Cochrane Summaries

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Antidepressant prevention of postnatal depression

Howard L, Hoffbrand SE, Henshaw C, Boath L, Bradley E
Published Online: 
21 January 2009

Postnatal depression is a common and important disorder with negative implications for the mother, the infant and the wider family. Women who are not depressed, but at high risk of postnatal depression, such as those with a previous history of a postpartum mood disorder, may wish to consider antidepressant prevention during pregnancy or early postpartum. This review addresses the effectiveness of such treatment. Only two small trials met the criteria for inclusion. Both trials used medication immediately postpartum. The drugs were nortriptyline, a tricylic antidepressant (TCA) and sertraline, a selective serotonin reuptake inhibitor (SSRI). Both drugs were compared only to placebo. Nortripyline was not shown to have any benefit over placebo; there was some evidence that sertraline was effective both in reducing the incidence of recurrent postpartum depression and in increasing the time to recurrence. However, both trials involved only very small numbers of women and did not use intention to treat analyses. There is, therefore, no clear evidence for the use of these antidepressants in the prevention of postnatal depression.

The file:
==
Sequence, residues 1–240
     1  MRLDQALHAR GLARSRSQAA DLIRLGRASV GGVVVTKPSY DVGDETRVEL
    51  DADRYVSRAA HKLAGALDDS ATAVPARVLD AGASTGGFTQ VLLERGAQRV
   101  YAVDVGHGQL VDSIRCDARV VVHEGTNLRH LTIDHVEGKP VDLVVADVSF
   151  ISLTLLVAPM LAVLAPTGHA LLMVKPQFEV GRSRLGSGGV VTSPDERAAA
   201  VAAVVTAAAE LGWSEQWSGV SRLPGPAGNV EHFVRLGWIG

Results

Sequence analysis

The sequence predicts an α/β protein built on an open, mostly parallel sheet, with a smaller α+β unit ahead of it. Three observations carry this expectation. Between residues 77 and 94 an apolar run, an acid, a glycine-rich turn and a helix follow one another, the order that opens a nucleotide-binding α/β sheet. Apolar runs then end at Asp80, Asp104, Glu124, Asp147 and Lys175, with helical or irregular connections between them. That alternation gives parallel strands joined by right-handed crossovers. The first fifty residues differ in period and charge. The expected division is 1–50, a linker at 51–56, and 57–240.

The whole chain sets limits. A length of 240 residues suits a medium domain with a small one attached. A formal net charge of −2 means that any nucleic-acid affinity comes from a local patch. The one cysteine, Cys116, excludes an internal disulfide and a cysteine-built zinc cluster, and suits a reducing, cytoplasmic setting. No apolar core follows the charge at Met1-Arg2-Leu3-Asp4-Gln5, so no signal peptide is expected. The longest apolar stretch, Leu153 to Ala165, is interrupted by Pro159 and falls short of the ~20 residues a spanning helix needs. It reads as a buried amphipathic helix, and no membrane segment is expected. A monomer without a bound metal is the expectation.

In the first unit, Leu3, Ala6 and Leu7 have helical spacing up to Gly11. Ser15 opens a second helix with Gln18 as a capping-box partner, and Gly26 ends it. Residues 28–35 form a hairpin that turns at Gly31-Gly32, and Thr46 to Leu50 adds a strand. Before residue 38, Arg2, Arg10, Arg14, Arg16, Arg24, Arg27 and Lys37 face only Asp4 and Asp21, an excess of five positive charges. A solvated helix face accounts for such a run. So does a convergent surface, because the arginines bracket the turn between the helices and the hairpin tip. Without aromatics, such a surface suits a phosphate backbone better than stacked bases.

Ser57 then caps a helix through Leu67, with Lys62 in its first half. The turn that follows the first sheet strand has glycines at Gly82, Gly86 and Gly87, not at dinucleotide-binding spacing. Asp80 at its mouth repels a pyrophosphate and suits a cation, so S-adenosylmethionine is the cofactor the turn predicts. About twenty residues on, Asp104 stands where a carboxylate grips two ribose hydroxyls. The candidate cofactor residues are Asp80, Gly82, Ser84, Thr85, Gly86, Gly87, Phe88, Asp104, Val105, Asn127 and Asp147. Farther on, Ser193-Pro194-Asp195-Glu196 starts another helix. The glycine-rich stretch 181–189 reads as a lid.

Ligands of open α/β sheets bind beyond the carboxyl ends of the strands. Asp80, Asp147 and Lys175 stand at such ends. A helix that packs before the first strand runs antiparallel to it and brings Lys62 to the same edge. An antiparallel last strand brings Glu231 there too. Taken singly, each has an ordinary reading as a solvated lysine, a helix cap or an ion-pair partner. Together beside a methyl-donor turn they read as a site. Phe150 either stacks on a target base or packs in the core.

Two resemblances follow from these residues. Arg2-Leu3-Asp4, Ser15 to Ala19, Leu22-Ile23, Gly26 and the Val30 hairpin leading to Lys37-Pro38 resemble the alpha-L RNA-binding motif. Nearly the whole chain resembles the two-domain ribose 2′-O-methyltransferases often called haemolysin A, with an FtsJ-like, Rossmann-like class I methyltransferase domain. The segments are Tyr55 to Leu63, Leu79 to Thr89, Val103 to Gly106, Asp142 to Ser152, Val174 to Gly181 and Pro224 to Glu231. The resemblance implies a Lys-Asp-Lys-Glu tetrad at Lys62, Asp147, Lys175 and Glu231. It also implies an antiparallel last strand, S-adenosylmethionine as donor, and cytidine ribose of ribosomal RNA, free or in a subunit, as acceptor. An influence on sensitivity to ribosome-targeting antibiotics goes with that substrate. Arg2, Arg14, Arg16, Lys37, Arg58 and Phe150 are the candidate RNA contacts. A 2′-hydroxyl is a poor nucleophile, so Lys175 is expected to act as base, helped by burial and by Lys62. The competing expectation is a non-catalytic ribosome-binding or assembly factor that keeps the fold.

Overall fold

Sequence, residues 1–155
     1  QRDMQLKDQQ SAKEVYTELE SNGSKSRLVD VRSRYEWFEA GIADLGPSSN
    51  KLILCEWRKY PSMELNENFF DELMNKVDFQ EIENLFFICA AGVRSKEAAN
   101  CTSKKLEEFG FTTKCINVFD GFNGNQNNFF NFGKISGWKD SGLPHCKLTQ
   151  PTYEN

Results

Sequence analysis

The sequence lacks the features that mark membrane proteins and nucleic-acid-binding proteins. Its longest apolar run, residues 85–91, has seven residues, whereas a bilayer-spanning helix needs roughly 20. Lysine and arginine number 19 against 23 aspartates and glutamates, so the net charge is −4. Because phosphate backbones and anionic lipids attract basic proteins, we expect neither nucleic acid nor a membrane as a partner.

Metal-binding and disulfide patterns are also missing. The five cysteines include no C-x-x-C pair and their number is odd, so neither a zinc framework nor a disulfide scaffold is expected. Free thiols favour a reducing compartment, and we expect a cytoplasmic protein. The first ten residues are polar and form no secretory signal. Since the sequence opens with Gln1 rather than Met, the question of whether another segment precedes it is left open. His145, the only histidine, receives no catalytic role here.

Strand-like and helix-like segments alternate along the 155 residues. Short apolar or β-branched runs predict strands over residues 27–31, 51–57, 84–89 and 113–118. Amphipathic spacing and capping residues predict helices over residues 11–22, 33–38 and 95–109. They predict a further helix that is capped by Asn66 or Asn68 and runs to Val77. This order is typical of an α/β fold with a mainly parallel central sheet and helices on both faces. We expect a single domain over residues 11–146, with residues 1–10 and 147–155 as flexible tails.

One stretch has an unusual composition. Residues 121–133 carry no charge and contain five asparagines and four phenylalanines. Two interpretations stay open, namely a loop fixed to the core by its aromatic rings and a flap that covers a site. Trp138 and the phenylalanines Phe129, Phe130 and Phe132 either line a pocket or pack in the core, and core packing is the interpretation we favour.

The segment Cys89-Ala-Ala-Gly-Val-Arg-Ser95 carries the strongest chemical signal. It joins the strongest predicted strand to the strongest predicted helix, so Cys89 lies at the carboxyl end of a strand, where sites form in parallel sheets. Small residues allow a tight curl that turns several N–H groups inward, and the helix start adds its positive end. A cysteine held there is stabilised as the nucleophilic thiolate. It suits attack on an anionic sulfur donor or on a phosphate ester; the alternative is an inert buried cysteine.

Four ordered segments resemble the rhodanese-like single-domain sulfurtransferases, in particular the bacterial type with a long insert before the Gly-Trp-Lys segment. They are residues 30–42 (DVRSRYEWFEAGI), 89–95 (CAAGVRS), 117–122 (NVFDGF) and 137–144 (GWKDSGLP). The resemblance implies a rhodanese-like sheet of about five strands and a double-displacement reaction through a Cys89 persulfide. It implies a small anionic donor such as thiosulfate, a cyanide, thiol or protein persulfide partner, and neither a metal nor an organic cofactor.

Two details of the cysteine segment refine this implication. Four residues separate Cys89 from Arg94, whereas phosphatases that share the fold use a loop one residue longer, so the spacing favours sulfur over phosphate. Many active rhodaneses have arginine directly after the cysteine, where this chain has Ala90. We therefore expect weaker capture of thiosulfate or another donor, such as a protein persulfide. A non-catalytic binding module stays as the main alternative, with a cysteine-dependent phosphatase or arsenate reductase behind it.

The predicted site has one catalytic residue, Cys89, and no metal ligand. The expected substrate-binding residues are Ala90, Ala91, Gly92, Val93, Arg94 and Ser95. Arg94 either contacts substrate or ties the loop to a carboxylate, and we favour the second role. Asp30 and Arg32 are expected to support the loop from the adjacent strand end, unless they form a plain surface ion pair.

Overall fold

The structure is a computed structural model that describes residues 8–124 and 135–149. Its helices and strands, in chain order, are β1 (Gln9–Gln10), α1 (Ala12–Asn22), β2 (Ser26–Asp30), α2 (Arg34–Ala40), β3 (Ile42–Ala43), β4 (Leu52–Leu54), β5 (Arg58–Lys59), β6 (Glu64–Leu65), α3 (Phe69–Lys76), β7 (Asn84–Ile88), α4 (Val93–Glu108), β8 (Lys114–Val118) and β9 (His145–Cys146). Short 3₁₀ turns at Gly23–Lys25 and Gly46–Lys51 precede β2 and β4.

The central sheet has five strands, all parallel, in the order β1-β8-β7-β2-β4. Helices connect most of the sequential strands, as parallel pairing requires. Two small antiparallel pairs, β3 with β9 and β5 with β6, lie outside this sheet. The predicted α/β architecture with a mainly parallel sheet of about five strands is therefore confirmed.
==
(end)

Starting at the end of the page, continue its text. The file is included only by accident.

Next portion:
This record should be cited as: 
Howard L, Hoffbrand SE, Henshaw C, Boath L, Bradley E. Antidepressant prevention of postnatal depression. Cochrane Database of Systematic Reviews 2005, Issue 2. Art. No.: CD004363. DOI: 10.1002/14651858.CD004363.pub2
Assessed as up to date: 
11 June 2007